Purva Rawal, PhD, is adjunct assistant professor at Georgetown University and a principal at CapView Associates, a policy consulting firm. She previously served on the budget committee in the United States Senate as a key advisor to Chairman Conrad (D-ND) during health reform and health advisor to Senator Joseph Lieberman (I-CT). She received her doctorate in mental health services and policy program at Northwestern University.
The Affordable Care Act: Examining the Facts (2016)
Eric Zolov, PhD, is associate professor of Latin American history at Stony Brook University, NY. He is the author of Refried Elvis: The Rise of the Mexican Counterculture and coeditor of Fragments of a Golden Age: The Politics of Culture in Mexico Since 1940; Rockin' Las Américas: The Global Politics of Rock in Latin/o America; and Latin America and the United States: A Documentary History.
Iconic Mexico: An Encyclopedia from Acapulco to Zócalo (2015)
Spencer C. Tucker, PhD, was professor of history for 30 years at Texas Christian University, Fort Worth. He held the John Biggs Chair of Military History at his alma mater, Virginia Military Institute in Lexington, for six years until his retirement from teaching in 2003. He has also been the Fulbright Scholar and, as a U.S. Army captain, an intelligence analyst in the Pentagon. Since 2004 he has been the senior fellow of military history at ABC-CLIO and has authored or edited 46 books.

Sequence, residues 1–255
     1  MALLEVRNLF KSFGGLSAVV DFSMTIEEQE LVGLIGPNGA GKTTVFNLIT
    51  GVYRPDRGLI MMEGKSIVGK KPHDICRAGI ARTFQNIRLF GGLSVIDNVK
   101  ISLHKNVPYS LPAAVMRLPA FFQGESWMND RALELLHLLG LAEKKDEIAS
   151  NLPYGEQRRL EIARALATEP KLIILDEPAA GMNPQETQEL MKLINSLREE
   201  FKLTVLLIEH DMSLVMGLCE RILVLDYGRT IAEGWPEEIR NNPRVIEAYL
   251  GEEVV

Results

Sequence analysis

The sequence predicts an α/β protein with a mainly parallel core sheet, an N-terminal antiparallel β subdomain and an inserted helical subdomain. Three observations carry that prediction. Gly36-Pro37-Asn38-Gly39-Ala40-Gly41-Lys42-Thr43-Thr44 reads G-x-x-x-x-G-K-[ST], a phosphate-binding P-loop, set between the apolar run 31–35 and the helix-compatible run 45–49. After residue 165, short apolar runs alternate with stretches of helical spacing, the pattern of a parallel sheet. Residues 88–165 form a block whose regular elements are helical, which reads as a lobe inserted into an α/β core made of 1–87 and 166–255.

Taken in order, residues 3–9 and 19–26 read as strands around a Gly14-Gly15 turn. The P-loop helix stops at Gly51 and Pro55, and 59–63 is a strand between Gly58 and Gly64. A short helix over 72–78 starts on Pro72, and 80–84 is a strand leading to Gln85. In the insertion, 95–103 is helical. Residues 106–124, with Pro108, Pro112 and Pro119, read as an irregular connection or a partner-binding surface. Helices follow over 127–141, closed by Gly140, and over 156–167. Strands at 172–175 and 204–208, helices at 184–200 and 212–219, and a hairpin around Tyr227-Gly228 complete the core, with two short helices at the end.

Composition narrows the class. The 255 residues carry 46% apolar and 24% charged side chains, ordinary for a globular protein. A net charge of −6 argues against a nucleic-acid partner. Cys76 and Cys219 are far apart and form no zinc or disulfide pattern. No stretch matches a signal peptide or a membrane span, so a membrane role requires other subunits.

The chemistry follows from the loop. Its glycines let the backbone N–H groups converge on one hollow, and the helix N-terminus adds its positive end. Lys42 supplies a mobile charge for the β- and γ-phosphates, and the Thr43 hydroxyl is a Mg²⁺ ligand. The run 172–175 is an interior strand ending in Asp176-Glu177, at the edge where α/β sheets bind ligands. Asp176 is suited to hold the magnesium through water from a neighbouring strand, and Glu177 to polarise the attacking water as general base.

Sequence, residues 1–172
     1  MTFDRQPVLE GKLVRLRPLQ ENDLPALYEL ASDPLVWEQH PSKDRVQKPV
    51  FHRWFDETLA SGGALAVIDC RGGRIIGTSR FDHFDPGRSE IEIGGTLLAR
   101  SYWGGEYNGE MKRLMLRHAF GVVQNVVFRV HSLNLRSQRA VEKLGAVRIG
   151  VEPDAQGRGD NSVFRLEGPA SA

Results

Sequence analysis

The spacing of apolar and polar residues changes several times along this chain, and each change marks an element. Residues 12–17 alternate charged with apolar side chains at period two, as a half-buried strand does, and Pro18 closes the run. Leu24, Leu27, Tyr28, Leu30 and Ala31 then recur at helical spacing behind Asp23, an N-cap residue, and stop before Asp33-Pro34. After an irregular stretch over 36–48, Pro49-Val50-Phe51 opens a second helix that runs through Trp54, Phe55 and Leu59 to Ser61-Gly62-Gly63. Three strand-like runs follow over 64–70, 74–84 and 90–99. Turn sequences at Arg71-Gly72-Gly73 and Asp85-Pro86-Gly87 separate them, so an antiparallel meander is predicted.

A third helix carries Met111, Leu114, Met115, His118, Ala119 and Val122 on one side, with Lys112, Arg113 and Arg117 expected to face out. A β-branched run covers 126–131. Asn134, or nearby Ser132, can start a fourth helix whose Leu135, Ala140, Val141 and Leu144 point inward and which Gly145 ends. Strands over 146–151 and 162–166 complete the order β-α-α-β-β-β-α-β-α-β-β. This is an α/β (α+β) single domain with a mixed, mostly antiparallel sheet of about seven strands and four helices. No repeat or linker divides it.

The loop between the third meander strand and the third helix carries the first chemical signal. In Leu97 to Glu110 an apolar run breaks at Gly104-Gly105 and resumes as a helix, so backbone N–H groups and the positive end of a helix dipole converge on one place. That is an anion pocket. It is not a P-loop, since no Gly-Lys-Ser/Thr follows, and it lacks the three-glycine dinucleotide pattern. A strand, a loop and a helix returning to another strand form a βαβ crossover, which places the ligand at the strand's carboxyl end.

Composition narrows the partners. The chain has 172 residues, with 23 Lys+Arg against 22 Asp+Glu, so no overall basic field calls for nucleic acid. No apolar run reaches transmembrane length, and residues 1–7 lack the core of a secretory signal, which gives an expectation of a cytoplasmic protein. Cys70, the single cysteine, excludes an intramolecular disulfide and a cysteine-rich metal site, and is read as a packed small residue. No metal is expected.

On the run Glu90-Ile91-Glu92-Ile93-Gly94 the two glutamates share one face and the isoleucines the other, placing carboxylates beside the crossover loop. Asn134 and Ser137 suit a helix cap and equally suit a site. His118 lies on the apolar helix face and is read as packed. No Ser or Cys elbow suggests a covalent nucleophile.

Battles that Changed American History: 100 of the Greatest Victories and Defeats (2014)
American Civil War: The Definitive Encyclopedia and Document Collection (2013)
Almanac of American Military History (2012)
U.S. Leadership in Wartime: Clashes, Controversies, and Compromise (2009)
Ken Albala is professor of history at the University of the Pacific in Stockton, CA, where he teaches courses on the Renaissance and Reformation, food history, and the history of medicine. He is the author or editor of 16 books on food. He is also the editor of three food series for Greenwood Press with 27 vol¬umes in print and is now editing the four-volume Food Cultures of the World Encyclopedia.
From Famine to Fast Food: Nutrition, Diet, Concepts of Health around the World (2014)
Cooking in Europe, 1250–1650 (2006)
Food in Early Modern Europe (2003)